Wait Time/Call in micro seconds is the pretty much the reciprocal of Remote Calls/sec. When it rises the later falls. So observing it rise above the floor shows that performance is just starting to degrade, generally that degrading of performance will then escalate rapidly unless the load is immediately reduced and Remote Calls/sec and hence solution response will fall.
In my own FileMaker Framework I use a system of tokens which uses the average speed of completion of the most recent operations to control slowing down the requests for more operations in order to reduce load by giving server the opportunity with more time to restore normal performance.
The key thing to understand is that it can take a short time to overload server but that it will then invariably take far longer for server to subsequently work through the backlog of queued instructions and restore normal service. So any available method of taking the pressure off server when it is becoming stressed will deliver a benefit. By accepting a slightly slower service, which the user may not even notice, the user can then avoid or reduce the big delays that will arise as soon as server chokes.
The following illustrations fig.2 and fig.3 shows the FileMaker statistics I have described in both good and bad performance modes.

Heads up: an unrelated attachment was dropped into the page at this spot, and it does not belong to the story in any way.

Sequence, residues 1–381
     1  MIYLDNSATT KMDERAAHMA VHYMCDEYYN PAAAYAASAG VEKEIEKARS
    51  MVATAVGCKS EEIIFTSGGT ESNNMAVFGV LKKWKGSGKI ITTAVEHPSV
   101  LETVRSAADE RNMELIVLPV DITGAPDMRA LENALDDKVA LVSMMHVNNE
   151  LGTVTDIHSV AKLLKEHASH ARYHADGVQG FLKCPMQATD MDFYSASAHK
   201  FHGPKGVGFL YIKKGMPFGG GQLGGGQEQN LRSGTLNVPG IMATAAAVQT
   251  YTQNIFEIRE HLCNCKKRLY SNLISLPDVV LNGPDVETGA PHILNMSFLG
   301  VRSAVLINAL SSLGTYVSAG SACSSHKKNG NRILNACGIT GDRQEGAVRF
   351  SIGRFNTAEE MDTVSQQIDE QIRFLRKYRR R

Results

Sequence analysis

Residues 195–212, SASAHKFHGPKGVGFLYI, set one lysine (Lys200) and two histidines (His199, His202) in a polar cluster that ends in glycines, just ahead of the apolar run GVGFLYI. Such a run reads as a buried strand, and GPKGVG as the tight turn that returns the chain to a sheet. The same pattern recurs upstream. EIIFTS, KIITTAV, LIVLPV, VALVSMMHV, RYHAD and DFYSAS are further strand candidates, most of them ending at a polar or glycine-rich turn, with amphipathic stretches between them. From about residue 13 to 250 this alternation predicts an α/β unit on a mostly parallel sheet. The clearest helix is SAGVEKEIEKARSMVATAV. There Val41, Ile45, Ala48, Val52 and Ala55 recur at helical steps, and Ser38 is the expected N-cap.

The following illustration fig.2 shows what plateauing and normal graceful operation look like simultaneously in the OS X Task Monitor and the FileMaker Server Statistics under OS X 10.10.
The following illustration fig.3 shows what plateauing and normal graceful operation look like when comparing FileMaker server 13 and 14 under OS X 10.9 and OS X 10.10 respectively.
Deskspace dsBenchmark App
This app was developed as a method of automatically load testing FileMaker Server in order to find the number of simultaneous users that any given deployment will support. This is used as a comparative measure, or benchmark. So if a deployment maxes out at 30 users and the same deployment normally supports 75 real users in a certain organization we can extrapolate that another server deployment which benchmarks at 60 users will likely support 150 users of the same organization.
As has been noted before, different users may have very different levels of activity and different solutions have have very different levels of efficiency hence no absolute measurement is realistic, only a comparative measurement.
It offers load testing of any combination desired of so called intense, busy and relatively inactive users.
This tool can be opened and used from any FileMaker Client or WebDirect session and so, for example, a mixture of different types of FileMaker Pro and FileMaker Go clients and WebDirect sessions can be measured simultaneously.